Hezbollah chief Hassan Nasrallah claims group has wounded 2,000 Israeli soldiers

Hezbollah chief Hassan Nasrallah claims group has wounded 2,000 Israeli soldiers
Hezbollah chief Hassan Nasrallah claimed that the Israeli government was concealing the true casualty count along the Lebanese-Israeli border.
2 min read
05 January, 2024
Hezbollah claims to have been transparent with its own casualty figures, which was far above the number of Israeli soldiers announced dead [Getty]

Hezbollah chief Hassan Nasrallah claimed during a speech on Friday that the group had injured around 2,000 Israeli soldiers in strikes along the Lebanon-Israel border in the last three months.

Hezbollah and Israel have been engaged in cross-border fighting since 8 October, a day after Palestinian group Hamas's surprise assault in southern Israel.

The fighting between Israel and Hezbollah has gradually escalated into tit-for-tat rocket fire. Hezbollah has lost 129 fighters, according to the group's own figures, while Israel says it has lost nine soldiers.

Nasrallah cited hospitals in northern Israel as well as observations of Hezbollah fighters along the border to deliver the figure, claiming that Israeli officials are concealing their true casualty count.

"Lately they are beginning to talk about the numbers of killed and wounded, but these are not the real numbers. Many experts in [Israel] say that the numbers are three times higher in reality," Nasrallah said.

Nasrallah also gave figures on the number of attacks carried out by Hezbollah, claiming that the Lebanese group has carried out more than 670 operations over the last three months.

He said that all 48 of Israel's surveillance towers along the border had been targeted by Hezbollah attacks, resulting in "hundreds of millions" in financial losses, as well as a loss of surveillance capacity by Israel.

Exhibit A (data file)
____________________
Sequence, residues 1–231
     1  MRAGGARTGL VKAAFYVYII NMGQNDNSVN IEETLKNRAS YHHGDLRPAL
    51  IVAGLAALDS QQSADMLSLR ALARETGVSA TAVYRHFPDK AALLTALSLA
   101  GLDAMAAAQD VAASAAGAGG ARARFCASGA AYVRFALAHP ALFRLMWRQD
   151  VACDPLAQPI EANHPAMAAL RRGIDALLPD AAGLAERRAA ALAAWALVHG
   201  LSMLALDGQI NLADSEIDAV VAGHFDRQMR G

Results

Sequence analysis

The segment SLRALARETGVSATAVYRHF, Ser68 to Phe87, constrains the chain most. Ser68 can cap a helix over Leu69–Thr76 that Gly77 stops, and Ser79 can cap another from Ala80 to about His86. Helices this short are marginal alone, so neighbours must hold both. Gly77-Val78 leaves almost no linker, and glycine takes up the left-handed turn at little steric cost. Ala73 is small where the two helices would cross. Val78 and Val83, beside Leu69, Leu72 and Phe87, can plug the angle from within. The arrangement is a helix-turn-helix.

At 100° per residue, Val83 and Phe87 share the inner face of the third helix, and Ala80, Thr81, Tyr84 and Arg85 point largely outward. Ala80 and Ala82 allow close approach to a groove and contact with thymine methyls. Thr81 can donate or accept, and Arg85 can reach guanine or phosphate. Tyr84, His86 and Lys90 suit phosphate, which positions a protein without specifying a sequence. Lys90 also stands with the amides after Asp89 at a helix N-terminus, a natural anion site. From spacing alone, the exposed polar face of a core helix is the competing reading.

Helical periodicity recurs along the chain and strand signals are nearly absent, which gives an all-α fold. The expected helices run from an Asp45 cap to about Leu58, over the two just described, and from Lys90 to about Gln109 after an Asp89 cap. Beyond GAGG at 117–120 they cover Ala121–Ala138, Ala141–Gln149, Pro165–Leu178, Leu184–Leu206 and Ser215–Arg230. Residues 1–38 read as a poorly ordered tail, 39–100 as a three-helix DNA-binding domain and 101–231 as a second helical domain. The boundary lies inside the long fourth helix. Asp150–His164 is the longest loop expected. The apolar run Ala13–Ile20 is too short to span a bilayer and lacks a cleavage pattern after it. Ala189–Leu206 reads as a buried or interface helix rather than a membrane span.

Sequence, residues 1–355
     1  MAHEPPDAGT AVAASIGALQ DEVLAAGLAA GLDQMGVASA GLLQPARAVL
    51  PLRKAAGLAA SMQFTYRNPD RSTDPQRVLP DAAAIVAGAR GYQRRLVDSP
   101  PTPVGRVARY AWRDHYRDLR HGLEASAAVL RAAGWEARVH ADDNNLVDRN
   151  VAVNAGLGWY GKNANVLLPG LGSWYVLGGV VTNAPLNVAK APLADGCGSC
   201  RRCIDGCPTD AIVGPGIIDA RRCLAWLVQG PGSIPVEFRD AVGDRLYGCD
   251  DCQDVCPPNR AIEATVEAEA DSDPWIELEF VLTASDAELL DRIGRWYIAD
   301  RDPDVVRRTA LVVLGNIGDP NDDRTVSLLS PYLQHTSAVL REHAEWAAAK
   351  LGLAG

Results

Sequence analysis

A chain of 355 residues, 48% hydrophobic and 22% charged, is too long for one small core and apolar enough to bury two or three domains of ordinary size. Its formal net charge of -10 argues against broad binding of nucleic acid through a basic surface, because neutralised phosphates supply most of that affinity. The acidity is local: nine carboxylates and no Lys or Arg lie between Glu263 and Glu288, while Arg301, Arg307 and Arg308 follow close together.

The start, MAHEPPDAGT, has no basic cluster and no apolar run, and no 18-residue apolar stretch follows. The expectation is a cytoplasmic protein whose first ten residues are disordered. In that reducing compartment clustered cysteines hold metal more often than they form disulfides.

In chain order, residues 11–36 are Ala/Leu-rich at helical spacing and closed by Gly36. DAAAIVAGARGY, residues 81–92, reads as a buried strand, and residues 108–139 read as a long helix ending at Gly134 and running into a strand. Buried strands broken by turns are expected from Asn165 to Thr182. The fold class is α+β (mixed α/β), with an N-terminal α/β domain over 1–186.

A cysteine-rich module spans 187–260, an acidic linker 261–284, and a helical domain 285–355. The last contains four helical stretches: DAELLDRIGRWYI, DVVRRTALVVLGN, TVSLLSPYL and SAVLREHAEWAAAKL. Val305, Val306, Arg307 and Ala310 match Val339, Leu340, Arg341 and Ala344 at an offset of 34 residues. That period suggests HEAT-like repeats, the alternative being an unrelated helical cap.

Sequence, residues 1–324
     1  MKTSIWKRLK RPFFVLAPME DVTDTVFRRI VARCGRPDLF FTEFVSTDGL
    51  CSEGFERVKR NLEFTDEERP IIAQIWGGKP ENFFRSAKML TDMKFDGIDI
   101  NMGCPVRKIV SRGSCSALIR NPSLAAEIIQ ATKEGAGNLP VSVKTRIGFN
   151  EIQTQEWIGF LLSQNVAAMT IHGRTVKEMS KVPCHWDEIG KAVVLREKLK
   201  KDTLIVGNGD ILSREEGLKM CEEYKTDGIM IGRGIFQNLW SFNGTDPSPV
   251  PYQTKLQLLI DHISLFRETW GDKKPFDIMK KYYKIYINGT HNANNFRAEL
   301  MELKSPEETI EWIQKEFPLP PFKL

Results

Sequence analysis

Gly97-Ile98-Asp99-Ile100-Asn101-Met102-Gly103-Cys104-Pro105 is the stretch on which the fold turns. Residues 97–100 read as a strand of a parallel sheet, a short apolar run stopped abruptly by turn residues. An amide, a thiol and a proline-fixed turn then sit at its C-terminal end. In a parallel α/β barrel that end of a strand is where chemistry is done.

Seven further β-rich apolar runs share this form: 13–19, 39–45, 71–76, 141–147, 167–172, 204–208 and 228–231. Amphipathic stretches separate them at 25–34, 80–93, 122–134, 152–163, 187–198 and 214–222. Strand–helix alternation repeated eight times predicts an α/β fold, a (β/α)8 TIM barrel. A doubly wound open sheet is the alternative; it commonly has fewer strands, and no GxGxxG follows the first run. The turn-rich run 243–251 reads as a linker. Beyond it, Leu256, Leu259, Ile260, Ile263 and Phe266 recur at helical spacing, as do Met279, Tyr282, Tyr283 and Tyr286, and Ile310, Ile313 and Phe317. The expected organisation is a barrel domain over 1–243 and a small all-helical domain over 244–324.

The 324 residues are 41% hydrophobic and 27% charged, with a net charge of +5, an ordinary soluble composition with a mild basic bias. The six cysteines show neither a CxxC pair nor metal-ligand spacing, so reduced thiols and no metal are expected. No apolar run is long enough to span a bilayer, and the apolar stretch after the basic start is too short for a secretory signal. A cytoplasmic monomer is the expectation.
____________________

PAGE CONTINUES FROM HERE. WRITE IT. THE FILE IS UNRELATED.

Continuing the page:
Nasrallah added that due to Hezbollah's activities on the southern border of Lebanon, Israel had been forced to divert resources from its military operation in Gaza. The displacement of tens of thousands of residents from their homes in northern Israel also added a political and economic burden on the Israeli government.

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Friday's speech was the second time Nasrallah has addressed his supporters since the Israeli assassination of top Hamas official Salah al-Arouri in the southern suburbs of Beirut on 2 January.

Nasrallah once again warned that a response to the assassination would be forthcoming, without specifying when or how the retaliation would take place.

Hezbollah and Israel fought a bloody war in 2006, which saw thousands of Lebanese flee their homes due to a massive aerial bombardment by Israel.

The Lebanese movement has also been engaged in the Syrian civil war, supporting Bashar al-Assad's regime.